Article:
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FG eyes bulk buying to tame runaway drug prices

The federal government is exploring pooled procurement as a mechanism to lower the soaring cost of life-saving medicines in response to declining access and availability of affordable drugs in Nigeria.

President Bola Tinubu has approved the creation of an executive order to specifically enable pooled procurement of pharmaceutical products, allowing the local industry to work with cheaper materials, Muhammad Alli Pate, coordinating minister for health and social welfare, said during his first consultative forum with stakeholders in pharmaceutical manufacturing.

Read also: Rising drug prices squeeze health insurers’ margins

“In the next couple of weeks, the president wants to get an executive order that will allow us to foster the local industry to thrive. The attorney general is working hard to fulfil it,” Pate said.

“Pooled procurement of pharmaceuticals for critical medicines will make it easier and subsidise the cost for those who are suffering.”

The forum marked a major step by the Bola Tinubu administration towards resolving the drug production crisis, laying bare the challenges at each stage and their devastating ripple effects on ordinary Nigerians.

From crippling tariffs on essential materials to port gridlock and inconsistent policies, drugmakers warn of dire consequences unless the government collaborates to tackle these multi-pronged issues head-on, ensuring life-saving medicines remain accessible to all Nigerians.

In terms of fiscal policies that currently result in high tariffs, for instance, Okey Akpa, chairman of Pharmaceutical Manufacturers Group of the Manufacturers Association of Nigeria, said pharmaceutical equipment and accessories attract some tariff duty when imported either to modernise factory or to increase capacity, making Nigeria uncompetitive when compared with other African countries that have zero duties on such equipment.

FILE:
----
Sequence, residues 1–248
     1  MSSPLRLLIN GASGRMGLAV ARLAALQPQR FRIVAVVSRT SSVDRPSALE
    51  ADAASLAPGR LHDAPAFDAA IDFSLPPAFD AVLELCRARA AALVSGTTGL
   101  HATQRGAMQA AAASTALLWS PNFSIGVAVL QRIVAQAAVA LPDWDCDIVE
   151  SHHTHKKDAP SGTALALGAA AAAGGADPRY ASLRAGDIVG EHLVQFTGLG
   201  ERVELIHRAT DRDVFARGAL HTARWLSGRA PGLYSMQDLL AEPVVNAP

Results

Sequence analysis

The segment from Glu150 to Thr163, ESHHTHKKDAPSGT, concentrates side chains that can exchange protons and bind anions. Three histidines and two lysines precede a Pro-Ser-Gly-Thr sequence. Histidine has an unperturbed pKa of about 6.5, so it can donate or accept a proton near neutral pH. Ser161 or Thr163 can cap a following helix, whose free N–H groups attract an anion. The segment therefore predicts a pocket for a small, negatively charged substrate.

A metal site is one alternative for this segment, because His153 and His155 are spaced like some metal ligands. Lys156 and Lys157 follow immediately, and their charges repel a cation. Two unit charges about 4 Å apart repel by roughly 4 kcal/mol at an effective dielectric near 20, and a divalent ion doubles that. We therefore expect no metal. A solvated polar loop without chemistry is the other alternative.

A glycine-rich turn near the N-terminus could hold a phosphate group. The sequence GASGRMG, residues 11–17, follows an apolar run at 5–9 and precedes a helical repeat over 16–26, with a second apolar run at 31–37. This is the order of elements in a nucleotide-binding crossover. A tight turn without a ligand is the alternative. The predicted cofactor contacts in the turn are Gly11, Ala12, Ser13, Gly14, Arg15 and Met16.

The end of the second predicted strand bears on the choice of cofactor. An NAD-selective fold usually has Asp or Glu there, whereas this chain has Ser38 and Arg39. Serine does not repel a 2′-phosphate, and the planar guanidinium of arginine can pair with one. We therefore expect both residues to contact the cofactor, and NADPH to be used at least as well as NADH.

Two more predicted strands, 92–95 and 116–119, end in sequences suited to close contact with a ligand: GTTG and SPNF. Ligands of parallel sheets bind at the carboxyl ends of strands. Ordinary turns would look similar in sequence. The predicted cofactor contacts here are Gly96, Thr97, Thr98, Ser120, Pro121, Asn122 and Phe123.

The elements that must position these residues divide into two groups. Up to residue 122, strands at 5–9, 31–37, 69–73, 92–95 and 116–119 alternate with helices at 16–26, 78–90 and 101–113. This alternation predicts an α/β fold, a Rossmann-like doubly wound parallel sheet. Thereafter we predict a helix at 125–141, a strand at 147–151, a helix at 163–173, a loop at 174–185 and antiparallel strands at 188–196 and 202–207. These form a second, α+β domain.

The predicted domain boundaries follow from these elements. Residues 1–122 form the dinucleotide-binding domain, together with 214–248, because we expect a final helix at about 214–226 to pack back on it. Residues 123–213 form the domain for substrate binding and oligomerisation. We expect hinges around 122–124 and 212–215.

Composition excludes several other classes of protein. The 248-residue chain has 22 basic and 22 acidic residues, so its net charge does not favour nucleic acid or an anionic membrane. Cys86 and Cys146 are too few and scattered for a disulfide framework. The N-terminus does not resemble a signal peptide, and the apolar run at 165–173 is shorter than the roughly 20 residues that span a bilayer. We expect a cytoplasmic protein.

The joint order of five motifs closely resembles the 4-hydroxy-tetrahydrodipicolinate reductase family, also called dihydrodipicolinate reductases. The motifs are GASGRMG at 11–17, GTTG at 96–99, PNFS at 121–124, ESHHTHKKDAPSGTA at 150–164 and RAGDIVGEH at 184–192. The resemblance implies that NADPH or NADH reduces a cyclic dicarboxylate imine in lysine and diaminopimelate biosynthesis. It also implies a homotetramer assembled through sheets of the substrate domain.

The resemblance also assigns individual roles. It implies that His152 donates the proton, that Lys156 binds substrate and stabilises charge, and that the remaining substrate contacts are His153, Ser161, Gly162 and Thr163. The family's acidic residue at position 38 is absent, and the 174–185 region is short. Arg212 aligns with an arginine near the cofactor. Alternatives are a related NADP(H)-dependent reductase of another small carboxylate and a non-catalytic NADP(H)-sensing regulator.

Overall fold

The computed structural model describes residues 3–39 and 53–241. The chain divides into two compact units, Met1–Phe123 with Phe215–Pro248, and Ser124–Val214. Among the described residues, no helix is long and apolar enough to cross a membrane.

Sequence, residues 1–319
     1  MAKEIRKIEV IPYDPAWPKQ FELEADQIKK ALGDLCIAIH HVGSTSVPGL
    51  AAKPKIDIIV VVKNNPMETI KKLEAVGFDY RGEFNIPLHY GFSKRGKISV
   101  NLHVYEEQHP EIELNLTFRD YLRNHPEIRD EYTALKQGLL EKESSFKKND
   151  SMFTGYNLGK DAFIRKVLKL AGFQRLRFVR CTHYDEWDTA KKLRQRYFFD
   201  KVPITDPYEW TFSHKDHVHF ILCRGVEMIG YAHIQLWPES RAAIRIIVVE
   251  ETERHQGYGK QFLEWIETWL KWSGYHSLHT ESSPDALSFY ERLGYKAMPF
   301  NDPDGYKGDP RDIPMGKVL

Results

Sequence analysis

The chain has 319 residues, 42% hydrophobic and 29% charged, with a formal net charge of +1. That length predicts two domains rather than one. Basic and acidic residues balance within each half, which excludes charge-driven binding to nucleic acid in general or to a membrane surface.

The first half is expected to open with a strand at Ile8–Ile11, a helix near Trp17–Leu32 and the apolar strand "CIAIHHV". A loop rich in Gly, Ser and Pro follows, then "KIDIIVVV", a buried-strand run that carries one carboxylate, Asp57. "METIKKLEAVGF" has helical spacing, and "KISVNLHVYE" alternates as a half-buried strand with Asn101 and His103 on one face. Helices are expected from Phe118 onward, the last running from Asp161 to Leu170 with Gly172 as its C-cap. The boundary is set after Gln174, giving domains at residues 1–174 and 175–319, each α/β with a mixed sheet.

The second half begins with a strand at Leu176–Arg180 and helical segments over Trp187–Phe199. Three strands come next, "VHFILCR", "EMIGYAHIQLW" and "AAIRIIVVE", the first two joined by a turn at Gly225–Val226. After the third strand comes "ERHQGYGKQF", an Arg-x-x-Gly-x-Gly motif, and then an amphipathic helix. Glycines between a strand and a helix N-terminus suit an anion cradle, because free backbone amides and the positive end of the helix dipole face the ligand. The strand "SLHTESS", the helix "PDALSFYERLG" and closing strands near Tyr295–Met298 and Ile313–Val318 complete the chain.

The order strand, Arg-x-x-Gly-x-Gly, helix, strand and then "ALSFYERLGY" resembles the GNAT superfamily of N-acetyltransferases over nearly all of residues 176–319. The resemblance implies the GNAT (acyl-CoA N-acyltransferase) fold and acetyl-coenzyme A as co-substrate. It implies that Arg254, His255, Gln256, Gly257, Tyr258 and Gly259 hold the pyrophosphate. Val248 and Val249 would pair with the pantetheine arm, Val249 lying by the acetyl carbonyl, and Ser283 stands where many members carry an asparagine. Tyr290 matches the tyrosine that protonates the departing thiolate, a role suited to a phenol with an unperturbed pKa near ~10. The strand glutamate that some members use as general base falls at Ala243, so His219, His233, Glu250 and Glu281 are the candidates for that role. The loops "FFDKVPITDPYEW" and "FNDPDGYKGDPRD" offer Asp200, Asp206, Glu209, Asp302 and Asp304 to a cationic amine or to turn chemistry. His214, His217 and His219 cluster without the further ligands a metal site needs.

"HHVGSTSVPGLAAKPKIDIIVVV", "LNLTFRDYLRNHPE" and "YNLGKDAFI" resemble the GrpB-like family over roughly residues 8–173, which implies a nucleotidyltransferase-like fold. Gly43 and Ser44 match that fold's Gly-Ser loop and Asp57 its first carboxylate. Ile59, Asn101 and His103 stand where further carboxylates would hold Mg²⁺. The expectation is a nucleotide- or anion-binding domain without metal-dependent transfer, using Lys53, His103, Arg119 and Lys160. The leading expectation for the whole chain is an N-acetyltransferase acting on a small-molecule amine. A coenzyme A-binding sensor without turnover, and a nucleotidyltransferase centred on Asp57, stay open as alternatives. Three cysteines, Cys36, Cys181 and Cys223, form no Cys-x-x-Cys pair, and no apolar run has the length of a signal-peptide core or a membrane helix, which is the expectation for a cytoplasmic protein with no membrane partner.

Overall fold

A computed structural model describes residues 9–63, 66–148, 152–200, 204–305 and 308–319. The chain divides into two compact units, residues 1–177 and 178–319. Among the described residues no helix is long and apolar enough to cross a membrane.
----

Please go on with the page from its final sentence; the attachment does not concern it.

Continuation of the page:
Despite the existence of laws that declare raw materials for pharmaceutical products free of value-added tax, Akpa said the majority of manufacturers do not get this benefit due to the arbitrariness of interpretations by the Nigeria Customs Service, a government body that oversees the facilitation of national and international trade, anti-smuggling and security activities.

The status quo is such that some packaging materials such as gelatin capsules attract 25 percent duty sometimes despite being used strictly for pharmaceutical production.

“Even if we can’t get zero duties on them, moderate the duty in a way that will impact positively on the cost of medicines,” Akpa said.

“We recommend that instead of 25 percent, this specialised equipment should attract zero duties when they are to be used specifically for increasing the capacity for local production.”

The chairman also listed the ineffective implementation of tax incentives for pioneer status for investments in uncharted areas as another challenge.

According to the Nigerian Investment Promotion Commission, the Pioneer Status Incentive was established by the Industrial Development Act, No 22 of 1971 as a tax holiday that grants qualifying industries and products relief from payment of corporate income tax for an initial period of three years, extendable for one or two additional years.

“We also want tax incentives extended to critical and strategic investments in the sector whether manufacturing or other value chain. This will make the local industry attractive to foreign investments and also serve as a boost to those on the ground,” he said.

Concerning clearing conditions at the ports, the group recommended creating a special clearing system to fast-track processes around pharmaceutical materials without compromising existing laws.

The group is also seeking the establishment of a N600 billion Pharmaceutical Manufacturing Development Fund that is overseen either by the Central Bank of Nigeria or the Bank of Industry, with a single-digit interest.

The fund should cater to capital-intensive projects and intervene in critical value chain activities such as importing critical items that Nigeria cannot manufacture.

“You can have specialists qualified from many parts of the world without having the right prescriptions. Medicines need to be available, affordable, and accessible,” Julius Adelusi-Adeluyi, founder and chairman of Juli Pharmacy, said.

“We need an industry that is productive and able to confront the challenges causing drug insecurity.”

Acknowledging their concerns, Pate said the objectives of the government in policy direction, regulatory framework, and the expansion of the country’s influence in the regional market are similar to the demands of the group.

He said efforts have been made to study those who are succeeding at rigorous science research that leads to manufacturing, an ecosystem of entrepreneurs of all scales, regulatory framework, long-term financing, and smart procurement.

“We think it is a whole-of-government approach. But there are things within the sector that we can begin to address. I promise we will take this back to the president,” the minister said, calling for a second consultative forum to be convened by the end of March.

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